Scoring Preserve-in-Place vs. Collect-to-Preserve for Slack Legal Holds: eDiscovery Best Practices

Brad Harris of Hanzo just posted an interesting and entertaining topic regarding Slack legal holds, where he did a comparison “head-to-head match” between collect to preserve (CTP) and preserve in place (PIP), scoring the battle in the way judges score a heavyweight boxing match! And here is the link to a terrific webinar you may have missed.

In the post (Legal Holds in Slack: Should You Collect Data to Preserve It or Preserve in Place?), Brad notes: “Ediscovery can feel like a fight sometimes, with every choice feeling like a struggle: when do you initiate a legal hold? Which custodians are subject to that hold? What data do you need to preserve? Then there’s the question of how best to preserve relevant data. Should you preserve data in place or preserve it by collecting it and transferring it to an external storage repository?”

To address those questions regarding Slack legal holds, Brad conducts his “head-to-head match” between CTP and PIP, within the following categories:

  • Round 1: Availability – of the capabilities to all Slack users
  • Round 2: Cost – comparison of the two alternatives
  • Round 3: Risk of Data Spoliation – for each of the alternatives
  • Round 4: Early Case Assessment Tools – within Slack (PIP) or outside of Slack (CTP)
  • Round 5: Security Risks – with regard to exposure of the data

So, which option “won”?  You’ll have to read his post for that here!

Also, last week, Hanzo conducted the webinar Three Things You Need To Know About Slack’s New Legal Hold, where Brad moderated a terrific discussion with panelists Jessica Abud (Manager Corporate Litigation at IBM), Will Anderson (eDiscovery Analyst at Uber) and Max Baez (Product Manager at Slack), whose name is one letter off from Max Baer, who actually was a boxer (what are the odds?).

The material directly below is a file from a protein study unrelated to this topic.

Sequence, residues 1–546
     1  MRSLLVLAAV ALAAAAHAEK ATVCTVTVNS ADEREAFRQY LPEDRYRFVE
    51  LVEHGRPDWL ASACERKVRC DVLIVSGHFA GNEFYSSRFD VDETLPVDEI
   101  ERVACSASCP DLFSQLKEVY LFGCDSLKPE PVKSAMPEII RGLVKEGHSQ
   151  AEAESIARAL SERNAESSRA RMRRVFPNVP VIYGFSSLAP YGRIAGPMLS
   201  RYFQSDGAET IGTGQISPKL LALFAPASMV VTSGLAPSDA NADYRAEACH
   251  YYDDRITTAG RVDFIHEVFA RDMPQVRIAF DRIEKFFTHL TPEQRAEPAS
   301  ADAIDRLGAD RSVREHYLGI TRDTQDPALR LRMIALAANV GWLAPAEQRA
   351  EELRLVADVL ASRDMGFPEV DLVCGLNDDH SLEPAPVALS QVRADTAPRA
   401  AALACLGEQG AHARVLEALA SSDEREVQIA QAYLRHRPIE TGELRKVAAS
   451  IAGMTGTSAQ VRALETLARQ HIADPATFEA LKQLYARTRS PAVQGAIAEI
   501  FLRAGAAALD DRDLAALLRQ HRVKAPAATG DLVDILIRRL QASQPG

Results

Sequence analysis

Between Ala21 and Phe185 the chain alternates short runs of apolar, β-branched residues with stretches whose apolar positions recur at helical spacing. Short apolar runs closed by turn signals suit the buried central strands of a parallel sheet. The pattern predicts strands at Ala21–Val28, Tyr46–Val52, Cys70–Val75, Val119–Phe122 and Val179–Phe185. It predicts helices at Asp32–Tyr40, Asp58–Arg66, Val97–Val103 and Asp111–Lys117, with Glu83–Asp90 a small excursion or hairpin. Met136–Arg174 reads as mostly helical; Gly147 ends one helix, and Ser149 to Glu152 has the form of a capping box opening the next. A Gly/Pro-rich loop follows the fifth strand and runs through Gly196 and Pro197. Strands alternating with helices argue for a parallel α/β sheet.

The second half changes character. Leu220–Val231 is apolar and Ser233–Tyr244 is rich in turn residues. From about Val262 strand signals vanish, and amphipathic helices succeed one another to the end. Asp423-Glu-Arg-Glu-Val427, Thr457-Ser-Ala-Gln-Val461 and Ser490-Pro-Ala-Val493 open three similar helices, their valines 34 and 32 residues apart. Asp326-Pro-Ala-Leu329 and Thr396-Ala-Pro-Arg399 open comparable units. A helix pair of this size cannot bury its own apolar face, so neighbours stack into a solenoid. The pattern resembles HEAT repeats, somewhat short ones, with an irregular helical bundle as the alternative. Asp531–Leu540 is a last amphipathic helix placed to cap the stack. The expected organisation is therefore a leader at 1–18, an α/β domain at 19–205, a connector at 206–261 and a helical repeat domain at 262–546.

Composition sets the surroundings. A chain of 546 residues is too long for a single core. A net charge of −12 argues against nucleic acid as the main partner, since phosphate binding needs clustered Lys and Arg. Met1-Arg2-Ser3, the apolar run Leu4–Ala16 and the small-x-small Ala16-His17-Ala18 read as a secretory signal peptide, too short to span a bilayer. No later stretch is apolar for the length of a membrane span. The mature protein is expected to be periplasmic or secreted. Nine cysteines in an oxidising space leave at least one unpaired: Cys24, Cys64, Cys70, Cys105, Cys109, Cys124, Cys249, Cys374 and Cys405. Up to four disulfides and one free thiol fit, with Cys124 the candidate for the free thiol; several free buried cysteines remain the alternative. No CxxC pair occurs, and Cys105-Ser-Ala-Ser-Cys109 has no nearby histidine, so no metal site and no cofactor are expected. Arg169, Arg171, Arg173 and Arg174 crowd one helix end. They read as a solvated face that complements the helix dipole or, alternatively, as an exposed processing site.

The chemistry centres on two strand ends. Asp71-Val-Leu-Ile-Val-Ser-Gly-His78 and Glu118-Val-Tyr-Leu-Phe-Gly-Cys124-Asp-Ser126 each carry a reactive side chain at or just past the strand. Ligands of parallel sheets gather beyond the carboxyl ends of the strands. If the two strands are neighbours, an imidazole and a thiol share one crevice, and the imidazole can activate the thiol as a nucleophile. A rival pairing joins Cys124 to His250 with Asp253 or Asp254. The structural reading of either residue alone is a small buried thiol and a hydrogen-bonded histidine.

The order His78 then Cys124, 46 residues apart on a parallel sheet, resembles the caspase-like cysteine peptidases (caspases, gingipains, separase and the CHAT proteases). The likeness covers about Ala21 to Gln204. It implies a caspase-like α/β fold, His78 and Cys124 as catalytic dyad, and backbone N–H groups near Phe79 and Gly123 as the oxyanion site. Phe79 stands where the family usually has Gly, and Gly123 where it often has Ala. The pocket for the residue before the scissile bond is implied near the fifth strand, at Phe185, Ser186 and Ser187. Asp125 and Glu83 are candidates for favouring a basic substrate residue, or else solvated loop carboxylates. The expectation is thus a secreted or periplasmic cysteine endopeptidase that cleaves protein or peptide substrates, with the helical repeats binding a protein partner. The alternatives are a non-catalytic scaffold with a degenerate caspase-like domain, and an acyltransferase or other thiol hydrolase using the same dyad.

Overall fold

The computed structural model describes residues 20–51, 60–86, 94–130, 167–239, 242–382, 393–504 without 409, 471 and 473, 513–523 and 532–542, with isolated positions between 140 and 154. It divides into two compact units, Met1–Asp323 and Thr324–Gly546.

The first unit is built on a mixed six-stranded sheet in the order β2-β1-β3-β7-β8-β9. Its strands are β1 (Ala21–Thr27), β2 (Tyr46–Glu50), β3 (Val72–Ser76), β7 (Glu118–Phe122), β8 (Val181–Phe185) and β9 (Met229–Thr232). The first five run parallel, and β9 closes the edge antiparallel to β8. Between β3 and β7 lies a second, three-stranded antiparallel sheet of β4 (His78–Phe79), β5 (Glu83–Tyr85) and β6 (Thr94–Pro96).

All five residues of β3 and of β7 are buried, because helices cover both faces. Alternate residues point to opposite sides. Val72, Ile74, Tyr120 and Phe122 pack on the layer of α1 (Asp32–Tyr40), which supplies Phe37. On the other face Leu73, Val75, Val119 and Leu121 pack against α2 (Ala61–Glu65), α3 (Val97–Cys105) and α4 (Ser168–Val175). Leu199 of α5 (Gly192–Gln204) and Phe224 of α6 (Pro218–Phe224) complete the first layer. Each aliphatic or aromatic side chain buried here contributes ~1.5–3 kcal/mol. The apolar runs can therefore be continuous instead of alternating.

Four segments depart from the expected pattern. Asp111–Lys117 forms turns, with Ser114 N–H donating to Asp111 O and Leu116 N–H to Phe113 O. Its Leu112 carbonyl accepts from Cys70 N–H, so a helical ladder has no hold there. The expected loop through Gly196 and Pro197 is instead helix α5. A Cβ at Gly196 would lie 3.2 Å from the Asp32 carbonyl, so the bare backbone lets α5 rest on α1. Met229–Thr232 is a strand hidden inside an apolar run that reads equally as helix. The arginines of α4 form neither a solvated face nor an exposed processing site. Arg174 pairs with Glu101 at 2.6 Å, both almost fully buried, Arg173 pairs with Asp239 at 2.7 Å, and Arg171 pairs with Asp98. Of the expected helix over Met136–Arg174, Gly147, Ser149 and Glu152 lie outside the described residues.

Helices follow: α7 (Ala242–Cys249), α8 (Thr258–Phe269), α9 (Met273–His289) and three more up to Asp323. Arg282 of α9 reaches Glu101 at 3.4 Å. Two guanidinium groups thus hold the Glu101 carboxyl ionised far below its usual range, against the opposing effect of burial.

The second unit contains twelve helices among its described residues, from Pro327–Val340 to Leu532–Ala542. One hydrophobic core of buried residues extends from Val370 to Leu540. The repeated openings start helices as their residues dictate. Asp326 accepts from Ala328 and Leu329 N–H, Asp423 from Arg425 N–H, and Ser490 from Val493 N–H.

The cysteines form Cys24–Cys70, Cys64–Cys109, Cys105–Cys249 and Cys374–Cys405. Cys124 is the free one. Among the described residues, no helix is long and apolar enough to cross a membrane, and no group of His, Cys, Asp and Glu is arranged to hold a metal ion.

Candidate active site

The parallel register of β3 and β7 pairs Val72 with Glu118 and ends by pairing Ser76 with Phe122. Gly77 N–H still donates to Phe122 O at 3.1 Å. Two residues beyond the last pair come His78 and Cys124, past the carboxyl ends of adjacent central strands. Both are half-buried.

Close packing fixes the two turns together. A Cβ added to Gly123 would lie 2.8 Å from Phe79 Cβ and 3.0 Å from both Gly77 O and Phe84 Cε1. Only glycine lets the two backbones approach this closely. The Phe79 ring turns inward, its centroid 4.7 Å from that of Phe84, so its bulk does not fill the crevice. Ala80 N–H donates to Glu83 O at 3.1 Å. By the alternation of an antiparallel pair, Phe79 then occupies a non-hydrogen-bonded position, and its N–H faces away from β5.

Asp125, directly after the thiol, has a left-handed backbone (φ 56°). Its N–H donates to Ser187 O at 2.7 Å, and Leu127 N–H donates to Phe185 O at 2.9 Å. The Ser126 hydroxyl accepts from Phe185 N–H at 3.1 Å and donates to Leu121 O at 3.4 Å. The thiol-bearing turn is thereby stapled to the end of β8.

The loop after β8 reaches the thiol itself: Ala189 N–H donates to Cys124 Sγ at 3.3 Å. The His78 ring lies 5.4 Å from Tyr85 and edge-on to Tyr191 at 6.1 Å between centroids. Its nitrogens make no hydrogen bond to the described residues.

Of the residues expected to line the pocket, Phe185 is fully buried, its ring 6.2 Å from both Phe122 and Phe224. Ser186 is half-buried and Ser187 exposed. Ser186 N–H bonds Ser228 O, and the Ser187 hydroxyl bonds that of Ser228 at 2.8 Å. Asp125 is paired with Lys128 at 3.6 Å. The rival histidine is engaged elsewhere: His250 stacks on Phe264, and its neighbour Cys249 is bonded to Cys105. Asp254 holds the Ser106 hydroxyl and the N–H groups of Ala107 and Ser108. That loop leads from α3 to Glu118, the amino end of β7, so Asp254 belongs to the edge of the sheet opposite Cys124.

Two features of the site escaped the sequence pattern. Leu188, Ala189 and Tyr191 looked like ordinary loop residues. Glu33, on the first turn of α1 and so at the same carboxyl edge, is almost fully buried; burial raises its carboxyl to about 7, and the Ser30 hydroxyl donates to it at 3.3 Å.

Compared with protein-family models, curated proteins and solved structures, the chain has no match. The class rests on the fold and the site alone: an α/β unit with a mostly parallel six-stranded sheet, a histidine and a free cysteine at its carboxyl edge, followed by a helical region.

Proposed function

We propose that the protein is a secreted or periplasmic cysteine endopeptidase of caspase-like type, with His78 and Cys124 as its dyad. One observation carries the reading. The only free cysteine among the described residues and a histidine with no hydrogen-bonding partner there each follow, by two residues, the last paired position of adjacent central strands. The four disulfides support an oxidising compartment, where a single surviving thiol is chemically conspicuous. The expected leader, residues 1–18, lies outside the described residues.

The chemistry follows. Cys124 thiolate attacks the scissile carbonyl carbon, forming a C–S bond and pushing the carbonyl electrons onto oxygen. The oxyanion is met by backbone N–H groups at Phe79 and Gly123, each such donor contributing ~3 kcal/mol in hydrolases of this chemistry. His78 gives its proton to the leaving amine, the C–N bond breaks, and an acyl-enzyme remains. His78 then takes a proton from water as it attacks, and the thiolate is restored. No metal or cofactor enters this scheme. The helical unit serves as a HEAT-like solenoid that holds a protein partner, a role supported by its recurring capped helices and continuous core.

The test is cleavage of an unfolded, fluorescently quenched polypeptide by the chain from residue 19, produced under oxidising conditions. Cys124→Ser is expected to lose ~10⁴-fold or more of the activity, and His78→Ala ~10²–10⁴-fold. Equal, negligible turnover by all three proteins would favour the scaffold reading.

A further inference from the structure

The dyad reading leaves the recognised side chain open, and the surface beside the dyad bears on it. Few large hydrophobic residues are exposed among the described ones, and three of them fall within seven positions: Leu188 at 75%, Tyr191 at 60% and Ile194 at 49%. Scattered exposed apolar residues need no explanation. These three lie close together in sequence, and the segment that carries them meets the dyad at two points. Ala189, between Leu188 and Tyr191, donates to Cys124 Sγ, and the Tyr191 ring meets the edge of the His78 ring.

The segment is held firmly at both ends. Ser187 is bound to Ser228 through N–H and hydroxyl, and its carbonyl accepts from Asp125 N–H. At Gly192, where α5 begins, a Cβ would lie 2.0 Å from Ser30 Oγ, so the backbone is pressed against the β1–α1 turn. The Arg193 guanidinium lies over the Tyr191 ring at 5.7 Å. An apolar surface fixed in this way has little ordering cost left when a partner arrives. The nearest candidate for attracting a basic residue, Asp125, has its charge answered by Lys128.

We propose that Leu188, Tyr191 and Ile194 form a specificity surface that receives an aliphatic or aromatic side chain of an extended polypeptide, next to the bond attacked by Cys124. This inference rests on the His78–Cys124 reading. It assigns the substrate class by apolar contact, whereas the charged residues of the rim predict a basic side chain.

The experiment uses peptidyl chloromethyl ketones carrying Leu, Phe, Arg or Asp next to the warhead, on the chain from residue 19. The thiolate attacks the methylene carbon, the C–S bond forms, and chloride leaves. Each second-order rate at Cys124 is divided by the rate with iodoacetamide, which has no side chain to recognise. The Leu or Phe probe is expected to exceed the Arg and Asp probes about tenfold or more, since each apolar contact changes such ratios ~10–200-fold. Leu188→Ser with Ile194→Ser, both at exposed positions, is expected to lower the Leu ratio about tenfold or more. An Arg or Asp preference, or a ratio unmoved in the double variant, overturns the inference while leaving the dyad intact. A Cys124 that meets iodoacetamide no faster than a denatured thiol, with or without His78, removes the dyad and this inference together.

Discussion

The panel discussed eDiscovery challenges with collaboration apps and eDiscovery best practices for collaborative data (including acceptable use guidelines for use of Slack, which employees tend to treat less formally than email – sometimes too informally).  Baez discussed what Slack Legal Holds capability enables (and, importantly, also what it doesn’t enable – at least currently) and Brad discussed Hanzo’s new integration with Slack Legal Holds (announced here) and the benefits it provides.

The webinar was a terrific discussion of the new Slack legal holds feature, the challenges and considerations of organizations (like IBM and Uber) considering discovery of collaboration data and best practices for leveraging the technology.  Click here to check out the webinar on-demand!

So, what do you think?  Do you feel knowledgeable regarding the new Slack legal holds feature?  Please share any comments you might have or if you’d like to know more about a particular topic.

Disclosure: Hanzo is an Educational Partner and sponsor of eDiscovery Today

Disclaimer: The views represented herein are exclusively the views of the author, and do not necessarily represent the views held by my employer, my partners or my clients. eDiscovery Today is made available solely for educational purposes to provide general information about general eDiscovery principles and not to provide specific legal advice applicable to any particular circumstance. eDiscovery Today should not be used as a substitute for competent legal advice from a lawyer you have retained and who has agreed to represent you.

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